a large building with many windows

Washington, DC History

Iconic DC

Since 1917, Hotel Washington has been hosting those in the know. Steps from the White House lawn, we are part of the capital's heartbeat, and a stopping point for world leaders, dignitaries, entrepreneurs, and elevated thinkers. While there are many hotels in Washington, there is only one Hotel Washington.

hotel lobby seating with modern tiles and bright lighting

So Classic

Interior Design

The design of the hotel is a treasure trove of hidden meanings — the lobby arches represent interest groups commonly lobbied for in the Nation's capital, while the constellations that dot the elevators represent the skies as seen on important dates in US history, from July 4, 1776 to January 20, 2009's presidential inauguration. Homages to L'Enfant's design for the city can be spotted throughout the lobby, while the spiral staircase chandeliers and elevators are original to the hotel's opening in 1917.

Hotel Washington exterior design

So Classic

Exterior Design

Constructed in 1917, Hotel Washington was designed in the Italian Renaissance Revival style by Thomas Hastings, one of the leading architects of the early twentieth century. In 1968, the District of Columbia officially designated the hotel as a historic property, worthy of recognition and protection for their contribution to DC's cultural heritage.

Woman walking in the city with the wind blowing in her blonde hair

So Classic

Iconic Guests

Hotel Washington has long been a destination for the city's movers and shakers — and to those in the know from Hollywood and beyond. When Elvis Presley landed in DC ahead of his famous photo-op with Richard Nixon, he settled into rooms 505, 506, and 507. From John Wayne and Gene Autry to Harrison Ford, Hotel Washington's notable guest list is as long as its history.

1 hotel lobby seating with modern tiles and bright lighting
2 Hotel Washington exterior design
3 Woman walking in the city with the wind blowing in her blonde hair

Prior to Construction May 23-24, 1865

Grand review of the victorious Union Army.

Prior to Construction 1913

Viewing stand for inaugural parade of President Woodrow Wilson.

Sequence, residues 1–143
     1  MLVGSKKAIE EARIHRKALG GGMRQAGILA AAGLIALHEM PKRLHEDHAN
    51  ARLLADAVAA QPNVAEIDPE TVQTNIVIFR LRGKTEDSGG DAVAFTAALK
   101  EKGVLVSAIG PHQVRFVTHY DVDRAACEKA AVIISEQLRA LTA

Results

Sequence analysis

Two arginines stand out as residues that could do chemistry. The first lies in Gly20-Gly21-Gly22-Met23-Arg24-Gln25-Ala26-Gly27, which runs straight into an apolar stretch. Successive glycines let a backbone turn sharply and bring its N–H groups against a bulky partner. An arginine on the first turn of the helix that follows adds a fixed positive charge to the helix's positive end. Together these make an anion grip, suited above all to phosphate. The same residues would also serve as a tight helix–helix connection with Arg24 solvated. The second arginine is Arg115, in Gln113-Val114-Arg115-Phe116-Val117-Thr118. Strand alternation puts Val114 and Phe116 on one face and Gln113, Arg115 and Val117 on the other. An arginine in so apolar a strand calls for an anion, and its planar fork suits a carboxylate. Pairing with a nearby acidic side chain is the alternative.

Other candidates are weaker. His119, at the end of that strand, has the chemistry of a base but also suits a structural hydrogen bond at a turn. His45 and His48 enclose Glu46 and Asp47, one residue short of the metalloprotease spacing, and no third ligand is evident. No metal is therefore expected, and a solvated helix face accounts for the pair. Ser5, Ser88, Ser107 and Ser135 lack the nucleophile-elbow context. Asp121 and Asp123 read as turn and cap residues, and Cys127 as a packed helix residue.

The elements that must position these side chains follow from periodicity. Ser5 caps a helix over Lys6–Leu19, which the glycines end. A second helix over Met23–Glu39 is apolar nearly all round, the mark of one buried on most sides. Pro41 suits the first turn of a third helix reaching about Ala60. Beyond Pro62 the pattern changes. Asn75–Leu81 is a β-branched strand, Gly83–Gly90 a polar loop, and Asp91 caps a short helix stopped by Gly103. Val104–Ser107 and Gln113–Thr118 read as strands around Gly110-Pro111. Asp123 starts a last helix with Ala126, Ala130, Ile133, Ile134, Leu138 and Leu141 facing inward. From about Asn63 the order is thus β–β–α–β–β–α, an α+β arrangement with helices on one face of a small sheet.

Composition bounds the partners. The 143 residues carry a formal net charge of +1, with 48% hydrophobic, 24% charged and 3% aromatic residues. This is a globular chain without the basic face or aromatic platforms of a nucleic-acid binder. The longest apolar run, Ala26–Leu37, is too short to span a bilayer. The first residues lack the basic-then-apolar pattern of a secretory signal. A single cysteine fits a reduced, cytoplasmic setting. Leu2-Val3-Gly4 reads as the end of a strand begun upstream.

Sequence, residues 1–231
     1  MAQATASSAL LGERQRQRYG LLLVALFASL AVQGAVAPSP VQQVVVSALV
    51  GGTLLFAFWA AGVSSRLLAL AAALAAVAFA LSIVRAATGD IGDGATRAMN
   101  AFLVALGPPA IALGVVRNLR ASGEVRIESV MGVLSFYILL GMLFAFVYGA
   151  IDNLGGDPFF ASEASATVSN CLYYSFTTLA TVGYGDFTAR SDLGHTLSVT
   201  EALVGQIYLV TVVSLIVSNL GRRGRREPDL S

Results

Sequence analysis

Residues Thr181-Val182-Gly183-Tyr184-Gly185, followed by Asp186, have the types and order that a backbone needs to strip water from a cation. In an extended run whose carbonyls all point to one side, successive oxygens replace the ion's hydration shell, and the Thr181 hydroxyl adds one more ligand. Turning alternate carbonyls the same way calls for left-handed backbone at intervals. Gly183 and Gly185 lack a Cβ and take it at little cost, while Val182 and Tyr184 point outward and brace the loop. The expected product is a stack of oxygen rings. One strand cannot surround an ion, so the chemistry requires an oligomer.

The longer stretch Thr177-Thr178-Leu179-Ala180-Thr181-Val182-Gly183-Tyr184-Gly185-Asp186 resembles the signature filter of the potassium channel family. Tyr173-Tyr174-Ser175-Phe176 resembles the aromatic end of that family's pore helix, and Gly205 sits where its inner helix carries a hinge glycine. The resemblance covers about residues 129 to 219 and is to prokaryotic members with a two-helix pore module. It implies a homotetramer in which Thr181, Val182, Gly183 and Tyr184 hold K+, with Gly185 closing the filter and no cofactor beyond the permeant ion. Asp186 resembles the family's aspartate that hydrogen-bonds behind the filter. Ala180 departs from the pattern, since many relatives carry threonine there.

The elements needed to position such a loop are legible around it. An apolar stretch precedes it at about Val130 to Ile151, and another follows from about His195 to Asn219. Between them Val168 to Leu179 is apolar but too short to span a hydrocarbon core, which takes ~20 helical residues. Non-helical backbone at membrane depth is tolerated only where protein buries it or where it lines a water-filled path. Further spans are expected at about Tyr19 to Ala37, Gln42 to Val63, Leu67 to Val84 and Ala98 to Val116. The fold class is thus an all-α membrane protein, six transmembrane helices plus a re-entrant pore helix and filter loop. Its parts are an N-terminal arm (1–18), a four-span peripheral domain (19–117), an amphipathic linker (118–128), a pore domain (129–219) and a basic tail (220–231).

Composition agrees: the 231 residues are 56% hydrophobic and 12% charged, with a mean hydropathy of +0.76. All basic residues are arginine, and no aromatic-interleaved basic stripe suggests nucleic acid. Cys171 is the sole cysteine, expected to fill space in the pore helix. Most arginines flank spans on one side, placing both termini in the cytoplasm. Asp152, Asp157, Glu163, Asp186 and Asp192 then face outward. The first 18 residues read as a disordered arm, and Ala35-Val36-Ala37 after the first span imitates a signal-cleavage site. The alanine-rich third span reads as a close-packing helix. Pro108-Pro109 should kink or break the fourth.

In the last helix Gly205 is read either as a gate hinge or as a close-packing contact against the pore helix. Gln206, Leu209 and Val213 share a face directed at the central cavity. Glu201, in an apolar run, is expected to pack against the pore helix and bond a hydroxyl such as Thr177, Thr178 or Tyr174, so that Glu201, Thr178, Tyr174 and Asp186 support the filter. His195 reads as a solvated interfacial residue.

Hotel Washington Opening April 4, 1918

Designed by the architectural firm of Carrère and Hastings, the ten-story, Beaux-Arts hotel is the only commercial building designed by the firm in Washington, DC. The facade features cream-colored sgraffito decoration on a reddish-brown ground.

Post Construction May 1, 1926

President Coolidge hosted a reception for Architects of America.

Post Construction August 12, 1926

Special buses started transporting people from the hotel to Hoover Airfield in Arlington, VA to connect to Philadelphia by air (1 ½ hour each way).

Post Construction Late 1920s

The entire cast of the Zigfield follies stayed at the hotel and rehearsed in the “Rooftop”.

Post Construction December 5, 1933

The Shriners celebrated the end of Prohibition by riding horses into the lobby.

Post Construction Mid 1930s

A southern Senator became irate when the night manager refused him room service at 2AM. The Senator got his gun, came down from his room and was intent on shooting him. There were no shots fired and it is unclear if the Senator got what he asked for.

Post Construction 1936

“Daughters of Union Veterans” and “Ladies of the Grand Army of the Republic” hosted their national meetings at the hotel.

Post Construction 1937

“The National League of Women Voters” held their first national meeting at the hotel.

Post Construction 1949

The 29th Division of the US Army attempted to drive a jeep into the hotel for its reunion.

Post Construction December 1970

Elvis stayed at the Hotel Washington when he was visiting to meet President Nixon at the White House.

Read More

Post Construction 1995 & 2006

The Hotel Washington was listed on the National Register of Historic Places (NRHP) in 1995; in addition, the building is a contributing property to the Fifteenth Street Financial Historic District, listed on the NRHP in 2006, and the Pennsylvania Avenue National Historic Site.

Post Construction October 14, 2005

On 14 October 2005, George H. W. Bush, Barbara Bush and Eunice Kennedy Shriver attended a press conference at the hotel to unveil The Extra Mile - Points of Light Volunteer Pathway. It is a mile-long pathway of bronze medallions on 15th Street. Various staff members from the Corporation for National and Community Service and AmeriCorps NCCC attended the event at the hotel. After the press conference concluded, Pres. Bush, Mrs. Bush and Mrs. Kennedy Shriver walked up 15th street to see the medallions.

Post Construction Harrison Ford

Harrison Ford stayed at the hotel and bought drinks for everyone in the “Rooftop”.

Hotel Washington In Popular Culture

The hotel was seen in the films Contact and The Firm. Its roof terrace was featured in the movies The Godfather Part II and No Way Out. Frank Murphy and John Nance Garner lived there. The entrance of the hotel was shown in the film Silkwood. VUE Rooftop, formerly known as POV, is also the location of Diana and Barbara's lunch in the Wonder Woman sequel WW84.

a black and white photo of a street with cars and buildings
a group of people walking under a hotel washington sign
a cake with candles on it
white house in the 20s
a bus from 1920s
a person dancing
prohibiton in the 1920s
house of senate
a group of women on street in DC
a person in a hat and coat standing next to a car
old jeep from the 20s
white houses in the 40s
a man wearing a hat and a suit
white house with american flag on top
a glass of water with ice and a slice of lemon on a table
vue rooftop in black and white photo